This obviously still takes time and patience on your part (dogs do learn from repetition), but the more we understand a behavior the less we stress over when it's going to start "working" or why it's not. The patience that I have in my classes is something that comes from knowing that the dog is going to figure out what we want. I can see the tiny little signs that a dog is catching onto something even if he/she doesn't completely get it right there on the spot. There is a sort of song and dance we play with timing and repetition and I know that if we (myself and/or the dog's owner) find that particular rhythm then we'll see that little sparkle that comes to a dog's eyes the moment it finally "gets it." That is by far my favorite moment during training. There's nothing more exciting! Especially when the lesson learned is to not use the house as a toilet. :)

So, if you're one of the many people struggling to potty train your dog just take a deep breath and let go of the frustration. Accidents will happen along the way but you can (and should!) eliminate most of them with supervision and crate time. If you're hesitant about using a crate because it seems cruel, imagine the cruelty six months from now when your dog is still making mistakes and you've gotten so frustrated that you decide it has to be confined anyway. Crate training now means a LOT more freedom later. For those of you going "Omg I've been trying forever now and accidents are still happening" then I'm going to ask you the same thing I once asked a class out of frustration (because with some people, I admit that I don't always see the signs that they are ever going to "get it"): Is it a supervision issue?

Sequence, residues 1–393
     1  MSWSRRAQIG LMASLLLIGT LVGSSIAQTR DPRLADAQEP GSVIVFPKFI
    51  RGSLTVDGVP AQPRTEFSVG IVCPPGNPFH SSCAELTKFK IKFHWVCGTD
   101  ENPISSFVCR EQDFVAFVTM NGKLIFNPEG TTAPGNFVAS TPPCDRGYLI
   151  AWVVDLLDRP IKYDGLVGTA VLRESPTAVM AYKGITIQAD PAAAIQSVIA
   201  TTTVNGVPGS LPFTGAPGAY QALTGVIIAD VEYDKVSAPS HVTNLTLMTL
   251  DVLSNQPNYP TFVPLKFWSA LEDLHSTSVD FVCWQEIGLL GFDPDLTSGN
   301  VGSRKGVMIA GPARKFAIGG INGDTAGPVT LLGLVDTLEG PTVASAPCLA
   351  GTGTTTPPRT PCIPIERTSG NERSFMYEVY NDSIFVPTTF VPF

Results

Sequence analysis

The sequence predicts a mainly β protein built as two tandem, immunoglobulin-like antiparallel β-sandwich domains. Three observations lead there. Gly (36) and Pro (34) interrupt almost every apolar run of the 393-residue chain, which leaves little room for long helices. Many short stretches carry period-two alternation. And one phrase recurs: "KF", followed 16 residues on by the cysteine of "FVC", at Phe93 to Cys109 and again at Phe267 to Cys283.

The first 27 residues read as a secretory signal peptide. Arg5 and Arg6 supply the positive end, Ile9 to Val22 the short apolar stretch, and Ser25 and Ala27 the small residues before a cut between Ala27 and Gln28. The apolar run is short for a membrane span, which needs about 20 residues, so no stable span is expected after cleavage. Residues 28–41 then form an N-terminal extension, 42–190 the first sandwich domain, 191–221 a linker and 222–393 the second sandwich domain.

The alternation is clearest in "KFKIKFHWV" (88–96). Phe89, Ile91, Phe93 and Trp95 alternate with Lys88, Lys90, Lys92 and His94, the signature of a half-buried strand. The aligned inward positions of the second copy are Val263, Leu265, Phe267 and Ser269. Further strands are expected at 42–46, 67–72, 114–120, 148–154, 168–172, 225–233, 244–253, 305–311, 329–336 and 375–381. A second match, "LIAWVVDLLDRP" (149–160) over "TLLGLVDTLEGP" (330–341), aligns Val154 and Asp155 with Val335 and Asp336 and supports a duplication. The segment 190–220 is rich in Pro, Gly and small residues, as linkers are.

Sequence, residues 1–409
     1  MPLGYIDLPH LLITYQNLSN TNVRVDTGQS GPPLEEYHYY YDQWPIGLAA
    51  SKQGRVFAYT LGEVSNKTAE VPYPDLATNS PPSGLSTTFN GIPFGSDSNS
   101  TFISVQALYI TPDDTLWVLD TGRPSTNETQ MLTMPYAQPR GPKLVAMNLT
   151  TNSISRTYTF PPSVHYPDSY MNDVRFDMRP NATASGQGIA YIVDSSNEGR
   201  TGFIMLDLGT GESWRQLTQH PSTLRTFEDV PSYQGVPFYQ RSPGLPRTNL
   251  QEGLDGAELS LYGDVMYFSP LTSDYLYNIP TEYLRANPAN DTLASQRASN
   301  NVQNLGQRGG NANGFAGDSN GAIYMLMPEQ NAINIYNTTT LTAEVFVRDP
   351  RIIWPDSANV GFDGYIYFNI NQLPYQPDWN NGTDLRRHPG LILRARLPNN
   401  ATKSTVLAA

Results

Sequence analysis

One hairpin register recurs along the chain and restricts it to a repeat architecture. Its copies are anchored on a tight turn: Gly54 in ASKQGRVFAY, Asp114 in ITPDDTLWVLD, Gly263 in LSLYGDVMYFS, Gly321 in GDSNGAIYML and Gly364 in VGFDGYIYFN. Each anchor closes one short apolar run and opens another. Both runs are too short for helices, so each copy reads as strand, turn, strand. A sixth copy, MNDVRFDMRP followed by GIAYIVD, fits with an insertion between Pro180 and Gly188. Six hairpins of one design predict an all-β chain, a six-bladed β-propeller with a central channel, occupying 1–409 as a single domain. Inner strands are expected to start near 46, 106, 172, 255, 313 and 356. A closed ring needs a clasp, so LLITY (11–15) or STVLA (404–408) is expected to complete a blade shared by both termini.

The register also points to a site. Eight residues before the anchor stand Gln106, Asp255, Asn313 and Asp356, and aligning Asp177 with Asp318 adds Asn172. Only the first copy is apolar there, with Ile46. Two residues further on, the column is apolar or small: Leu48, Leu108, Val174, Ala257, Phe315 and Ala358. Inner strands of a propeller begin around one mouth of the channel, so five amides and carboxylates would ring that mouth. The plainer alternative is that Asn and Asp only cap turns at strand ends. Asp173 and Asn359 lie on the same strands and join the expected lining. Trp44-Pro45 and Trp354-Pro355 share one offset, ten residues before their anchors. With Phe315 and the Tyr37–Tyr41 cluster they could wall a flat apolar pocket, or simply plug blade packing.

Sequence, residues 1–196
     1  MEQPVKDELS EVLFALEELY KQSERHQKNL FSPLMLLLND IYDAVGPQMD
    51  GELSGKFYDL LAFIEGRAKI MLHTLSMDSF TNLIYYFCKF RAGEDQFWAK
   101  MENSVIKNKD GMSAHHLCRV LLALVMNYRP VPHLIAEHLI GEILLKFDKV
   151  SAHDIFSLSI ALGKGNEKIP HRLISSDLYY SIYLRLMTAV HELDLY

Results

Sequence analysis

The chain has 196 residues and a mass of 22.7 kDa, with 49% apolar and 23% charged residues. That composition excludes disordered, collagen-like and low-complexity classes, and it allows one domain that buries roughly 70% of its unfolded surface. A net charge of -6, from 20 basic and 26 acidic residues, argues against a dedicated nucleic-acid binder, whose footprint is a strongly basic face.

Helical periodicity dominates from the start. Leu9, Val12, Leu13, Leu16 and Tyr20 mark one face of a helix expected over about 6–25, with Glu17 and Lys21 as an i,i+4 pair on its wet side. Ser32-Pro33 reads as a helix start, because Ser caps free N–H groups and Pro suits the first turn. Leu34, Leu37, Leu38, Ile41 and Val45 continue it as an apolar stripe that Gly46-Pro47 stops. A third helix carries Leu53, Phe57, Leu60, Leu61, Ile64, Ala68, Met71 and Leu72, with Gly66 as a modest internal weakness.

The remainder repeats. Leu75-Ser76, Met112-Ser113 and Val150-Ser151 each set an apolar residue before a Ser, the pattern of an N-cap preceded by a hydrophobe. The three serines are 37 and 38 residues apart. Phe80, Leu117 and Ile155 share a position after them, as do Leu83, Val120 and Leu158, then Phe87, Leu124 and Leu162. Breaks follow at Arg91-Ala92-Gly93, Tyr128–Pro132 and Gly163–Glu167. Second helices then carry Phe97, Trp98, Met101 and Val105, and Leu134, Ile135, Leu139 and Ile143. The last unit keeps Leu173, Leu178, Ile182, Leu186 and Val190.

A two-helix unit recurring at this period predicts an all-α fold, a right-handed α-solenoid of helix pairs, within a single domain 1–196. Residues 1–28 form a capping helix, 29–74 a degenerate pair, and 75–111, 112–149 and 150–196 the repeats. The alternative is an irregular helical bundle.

Yeah...no one likes to hear that. But the truth shall set you free and if you were too busy cooking to watch the dog (or puppy) then someone else should have been doing just that. Or, the dog should have been crated. We don't want your pet perpetually confined, but that is another tangent for another day that pretty much boils down to finding ways to more actively involve your dog in your every day life.

If crate training isn't possible for some reason, look into alternatives. For smaller dogs (if you're ok with this potentially being a very long term scenario) litter training can be a fabulous option. Larger dogs can often make use of a dog-proofed smaller room (such as a kitchen or bathroom) as "their space" when you're not able to supervise.

Set your routine, reinforce by getting your dog out as soon as it needs to go, and relax. It does happen as long as your are consistent.

For more information on alternative methods, feel free to leave me a comment or send an email to terri@alessoninphysics.com.